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.. :py:currentmodule:: Orange.feature.selection

#########################
Selection (``selection``)
#########################

.. index:: feature selection

.. index::
   single: feature; feature selection

Feature selection module contains several utility functions for selecting features based on they scores normally
obtained in classification or regression problems. A typical example is the function :obj:`select`
that returns a subsets of highest-scored features features:

.. literalinclude:: code/selection-best3.py
    :lines: 7-

The script outputs::

    Best 3 features:
    physician-fee-freeze
    el-salvador-aid
    synfuels-corporation-cutback

The module also includes a learner that incorporates feature subset
selection.


.. versionadded:: 2.7.1
   `select`, `select_above_threshold` and `select_relief` now preserve
   the domain's meta attributes and `class_vars`.

--------------------------------------
Functions for feature subset selection
--------------------------------------

.. automethod:: Orange.feature.selection.top_rated

.. automethod:: Orange.feature.selection.above_threshold

.. automethod:: Orange.feature.selection.select

.. automethod:: Orange.feature.selection.select_above_threshold

.. automethod:: Orange.feature.selection.select_relief(data, measure=Orange.feature.scoring.Relief(k=20, m=10), margin=0)

--------------------------------------
Learning with feature subset selection
--------------------------------------

.. autoclass:: Orange.feature.selection.FilteredLearner(base_learner, filter=FilterAboveThreshold(), name=filtered)
   :members:

.. autoclass:: Orange.feature.selection.FilteredClassifier
   :members:


--------------------------------------
Class wrappers for selection functions
--------------------------------------

.. autoclass:: Orange.feature.selection.FilterAboveThreshold(data=None, measure=Orange.feature.scoring.Relief(k=20, m=50), threshold=0.0)
   :members:

Below are few examples of utility of this class::

    >>> filter = Orange.feature.selection.FilterAboveThreshold(threshold=.15)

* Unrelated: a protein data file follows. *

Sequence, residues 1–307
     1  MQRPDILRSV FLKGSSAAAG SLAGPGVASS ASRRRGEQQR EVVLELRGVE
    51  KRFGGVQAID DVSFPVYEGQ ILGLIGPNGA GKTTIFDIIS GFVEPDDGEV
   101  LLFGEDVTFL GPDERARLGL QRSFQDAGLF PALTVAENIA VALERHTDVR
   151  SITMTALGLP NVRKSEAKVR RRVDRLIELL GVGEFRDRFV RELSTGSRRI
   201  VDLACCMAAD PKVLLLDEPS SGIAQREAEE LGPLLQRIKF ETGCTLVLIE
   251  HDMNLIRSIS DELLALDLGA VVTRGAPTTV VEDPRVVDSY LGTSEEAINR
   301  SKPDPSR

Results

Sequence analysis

>>> new_data = filter(data)
    >>> new_data = Orange.feature.selection.FilterAboveThreshold(data)
    >>> new_data = Orange.feature.selection.FilterAboveThreshold(data, threshold=.1)
    >>> new_data = Orange.feature.selection.FilterAboveThreshold(data, threshold=.1, \
        measure=Orange.feature.scoring.Gini())

.. autoclass:: Orange.feature.selection.FilterBestN(data=None, measure=Orange.feature.scoring.Relief(k=20, m=50), n=5)
   :members:

.. autoclass:: Orange.feature.selection.FilterRelief(data=None, measure=Orange.feature.scoring.Relief(k=20, m=50), margin=0)
   :members:



.. rubric:: Examples

The following script defines a new Naive Bayes classifier, that
selects five best features from the data set before learning.
The new classifier is wrapped-up in a special class (see
:doc:`/tutorial/rst/python-learners` lesson in
:doc:`/tutorial/rst/index`). Th script compares this filtered learner with
one that uses a complete set of features.

:download:`selection-bayes.py<code/selection-bayes.py>`

.. literalinclude:: code/selection-bayes.py
    :lines: 7-

Interestingly, and somehow expected, feature subset selection
helps. This is the output that we get::

    Learner      CA
    Naive Bayes  0.903
    with FSS     0.940

We can do all of  he above by wrapping the learner using
:class:`~Orange.feature.selection.FilteredLearner`, thus
creating an object that is assembled from data filter and a base learner. When
given a data table, this learner uses attribute filter to construct a new
data set and base learner to construct a corresponding
classifier. Attribute filters should be of the type like
:class:`~Orange.feature.selection.FilterAboveThreshold` or
:class:`~Orange.feature.selection.FilterBestN` that can be initialized with
the arguments and later presented with a data, returning new reduced data
set.

The following code fragment replaces the bulk of code
from previous example, and compares naive Bayesian classifier to the
same classifier when only a single most important attribute is
used.

:download:`selection-filtered-learner.py<code/selection-filtered-learner.py>`

.. literalinclude:: code/selection-filtered-learner.py
    :lines: 13-16

Now, let's decide to retain three features and observe how many times
an attribute was used. Remember, 10-fold cross validation constructs
ten instances for each classifier, and each time we run
:class:`~.FilteredLearner` a different set of features may be
selected. ``Orange.evaluation.testing.cross_validation`` stores classifiers in
``results`` variable, and :class:`~.FilteredLearner`
returns a classifier that can tell which features it used, so the code
to do all this is quite short.

.. literalinclude:: code/selection-filtered-learner.py
    :lines: 25-

Running :download:`selection-filtered-learner.py <code/selection-filtered-learner.py>`
with three features selected each time a learner is run gives the
following result::

    Learner      CA
    bayes        0.903
    filtered     0.956

    Number of times features were used in cross-validation:
     3 x el-salvador-aid
     6 x synfuels-corporation-cutback
     7 x adoption-of-the-budget-resolution
    10 x physician-fee-freeze
     4 x crime


==========
References
==========

* K. Kira and L. Rendell. A practical approach to feature selection. In
  D. Sleeman and P. Edwards, editors, Proc. 9th Int'l Conf. on Machine
  Learning, pages 249{256, Aberdeen, 1992. Morgan Kaufmann Publishers.

* I. Kononenko. Estimating attributes: Analysis and extensions of RELIEF.
  In F. Bergadano and L. De Raedt, editors, Proc. European Conf. on Machine
  Learning (ECML-94), pages  171-182. Springer-Verlag, 1994.

* R. Kohavi, G. John: Wrappers for Feature Subset Selection, Artificial
  Intelligence, 97 (1-2), pages 273-324, 1997